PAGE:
Prof Mike Wilson is currently Chief Executive of Horticulture Research International (HRI), the UK government's main testing and development arm for market gardening, fruit and related crops. Prior to HRI he was the Deputy Director of the Scottish Crop Research Institute (SCRI).
In the 1980s he spent six years in the Department of Virus Research at the John Innes Centre. His research into plant viruses led to considerable commercial interest and inventorship on five independent suites of internationally-granted or pending patents for general biotechnological applications. One project he undertook while at the JIC, relating to a commonly used viral promoter in GM crops, was funded by Lord Sainsbury's GM investment company Diatech.
Wilson is still a consultant to Diatech. He is also a Fellow of the Royal Society of Edinburgh and served on the UK Government's GM Science Review Panel. He is also an advisor to the Science Media Centre and, like a number of other leading GM proponents, is an advisory board member of the anti-environmental Scientific Alliance. He is also on the advisory council of the controversial pro-GM lobby group Sense About Science.
Another example of Wilson's willingness to align himself with openly anti-environmental/pro-corporate lobbyists was an article co-authored with John Hillman defending GM crops for the book Fearing Food (1999), edited by Julian Morris and Roger Bate. The article attacks the critics of GM crops as 'activists' who 'raise speculative risks' and promote 'misinformation'.
Wilson has moulded HRI in his own image, making it part of HRI's 'corporate policy' to improve the quality of information on GM technology available to the public, as he told the UK Parliament's Agriculture Select Committee:
'We have issued statements, we have had public meetings, I have written articles in various books, I have appeared in the media in debates on GM issues, as have many of my scientists. We have participated in everything from round-table discussions and debating societies, to radio broadcasts...'
In 2002 HRI's director of research, Brian Thomas, was a speaker at a Scientific Alliance conference on GM crops.
Wilson told the Select Committee that he saw it as the mission of himself and his scientists 'to try and defuse some of the mis-information that has unfortunately prevailed in the last couple of years.' He was then asked, 'So you are an evangelical organisation?' and replied, 'I am frequently called evangelical, yes!'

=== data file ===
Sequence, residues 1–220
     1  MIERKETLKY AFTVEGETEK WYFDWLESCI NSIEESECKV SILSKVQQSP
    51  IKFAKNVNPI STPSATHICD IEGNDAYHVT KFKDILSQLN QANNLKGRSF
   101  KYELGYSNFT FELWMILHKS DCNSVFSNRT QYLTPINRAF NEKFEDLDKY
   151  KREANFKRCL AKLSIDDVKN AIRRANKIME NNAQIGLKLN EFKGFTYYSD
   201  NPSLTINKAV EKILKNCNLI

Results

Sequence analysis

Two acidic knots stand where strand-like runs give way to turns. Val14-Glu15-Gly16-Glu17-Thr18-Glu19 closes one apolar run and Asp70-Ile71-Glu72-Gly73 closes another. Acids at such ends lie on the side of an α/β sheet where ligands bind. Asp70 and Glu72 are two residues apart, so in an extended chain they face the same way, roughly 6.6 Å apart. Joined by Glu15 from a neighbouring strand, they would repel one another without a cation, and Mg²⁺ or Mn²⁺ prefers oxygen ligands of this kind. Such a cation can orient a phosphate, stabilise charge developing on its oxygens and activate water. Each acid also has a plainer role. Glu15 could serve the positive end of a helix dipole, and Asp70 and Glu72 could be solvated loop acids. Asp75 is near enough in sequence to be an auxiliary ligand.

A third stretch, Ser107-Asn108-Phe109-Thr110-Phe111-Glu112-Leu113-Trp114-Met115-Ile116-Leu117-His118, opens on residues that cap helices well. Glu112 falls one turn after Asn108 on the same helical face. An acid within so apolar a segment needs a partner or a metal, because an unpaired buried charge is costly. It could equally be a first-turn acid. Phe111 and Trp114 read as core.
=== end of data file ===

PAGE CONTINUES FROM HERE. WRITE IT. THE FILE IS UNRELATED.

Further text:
Wilson's evangelical contributions to the GM debate have
attracted serious criticism. In an article in the Scottish press, based on an interview he gave around the time he left SCRI, Wilson citied 'an independent U.S. survey, carried out by Cornell University' which 'showed that the use of GM crops in Northern America... encouraged more wildlife.' But the report in question, based on work not by Cornell researchers but by the industry-funded ISAAA, did not actually include any information about wildlife.
In a contribution to the BBC's science messageboard, widely circulated on the Internet, Wilson claimed that Quist and Chapela's paper on Mexican maize contamination, published in Nature, had been rejected by the majority of its peer reviewers. In reality, the majority of its peer reviewers had approved it for publication after a particularly stringent peer review process. Dr Arpad Pusztai's Lancet published research also successfully came through a particularly stringent peer review process but that hasn't stopped Wilson dismissing it as 'media-hyped junk science' from a 'victimised icon'. Wilson concludes his 'BBC' message, 'Battles of sound bites, and hysterical sensational propaganda claims get us nowhere.'
Wilson's GM evangelism has also impacted on the direction of HRI's research support for UK market gardening. GM has been put at the centre of HRI's science, as Wilson told MPs. 'We use GM. Genetic engineering, and genetic enhancement, is an incredibly important tool in the research laboratories of HRI across the organisation.'
Just as contentious has been Wilson's axing of HRI's successful Stockbridge House research station in the teeth of opposition from the horticultural industry, supported by the National Farmers' Union. According toThe Guardian, 'A leading research centre is facing closure in a move which has revived fears about scientific promotion of GM crops'. It noted that Stockbridge House had pioneered 'alternatives to genetic [manipulation] of plants.' A leading horticulturalist told MPs that the behaviour of Wilson and the HRI board over Stockbridge House was marked byGo to a Printer Friendly Page